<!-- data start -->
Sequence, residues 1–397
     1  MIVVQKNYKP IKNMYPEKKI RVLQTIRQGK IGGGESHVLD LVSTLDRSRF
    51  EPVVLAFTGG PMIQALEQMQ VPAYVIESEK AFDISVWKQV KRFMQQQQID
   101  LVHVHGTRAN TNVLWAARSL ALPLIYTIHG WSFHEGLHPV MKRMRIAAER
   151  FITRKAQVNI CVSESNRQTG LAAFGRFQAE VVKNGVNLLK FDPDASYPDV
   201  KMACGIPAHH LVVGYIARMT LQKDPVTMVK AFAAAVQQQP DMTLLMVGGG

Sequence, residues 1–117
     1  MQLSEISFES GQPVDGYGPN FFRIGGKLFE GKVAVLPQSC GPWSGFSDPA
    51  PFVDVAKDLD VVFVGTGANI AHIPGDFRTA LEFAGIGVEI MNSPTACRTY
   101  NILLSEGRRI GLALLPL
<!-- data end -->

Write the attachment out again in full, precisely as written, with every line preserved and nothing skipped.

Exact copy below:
Sequence, residues 1–397
     1  MIVVQKNYKP IKNMYPEKKI RVLQTIRQGK IGGGESHVLD LVSTLDRSRF
    51  EPVVLAFTGG PMIQALEQMQ VPAYVIESEK AFDISVWKQV KRFMQQQQID
   101  LVHVHGTRAN TNVLWAARSL ALPLIYTIHG WSFHEGLHPV MKRMRIAAER
   151  FITRKAQVNI CVSESNRQTG LAAFGRFQAE VVKNGVNLLK FDPDASYPDV
   201  KMACGIPAHH LVVGYIARMT LQKDPVTMVK AFAAAVQQQP DMTLLMVGGG

Sequence, residues 1–117
     1  MQLSEISFES GQPVDGYGPN FFRIGGKLFE GKVAVLPQSC GPWSGFSDPA
    51  PFVDVAKDLD VVFVGTGANI AHIPGDFRTA LEFAGIGVEI MNSPTACRTY
   101  NILLSEGRRI GLALLPL